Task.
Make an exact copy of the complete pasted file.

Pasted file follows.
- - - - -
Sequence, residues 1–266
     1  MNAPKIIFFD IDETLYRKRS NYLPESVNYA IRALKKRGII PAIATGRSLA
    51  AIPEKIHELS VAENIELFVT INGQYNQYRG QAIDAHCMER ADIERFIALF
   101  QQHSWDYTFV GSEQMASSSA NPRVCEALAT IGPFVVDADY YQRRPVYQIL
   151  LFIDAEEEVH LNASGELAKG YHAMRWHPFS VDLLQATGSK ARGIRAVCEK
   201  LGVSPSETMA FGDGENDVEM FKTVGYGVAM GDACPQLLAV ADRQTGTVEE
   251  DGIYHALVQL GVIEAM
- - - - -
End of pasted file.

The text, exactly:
Sequence, residues 1–266
     1  MNAPKIIFFD IDETLYRKRS NYLPESVNYA IRALKKRGII PAIATGRSLA
    51  AIPEKIHELS VAENIELFVT INGQYNQYRG QAIDAHCMER ADIERFIALF
   101  QQHSWDYTFV GSEQMASSSA NPRVCEALAT IGPFVVDADY YQRRPVYQIL
   151  LFIDAEEEVH LNASGELAKG YHAMRWHPFS VDLLQATGSK ARGIRAVCEK
   201  LGVSPSETMA FGDGENDVEM FKTVGYGVAM GDACPQLLAV ADRQTGTVEE
   251  DGIYHALVQL GVIEAM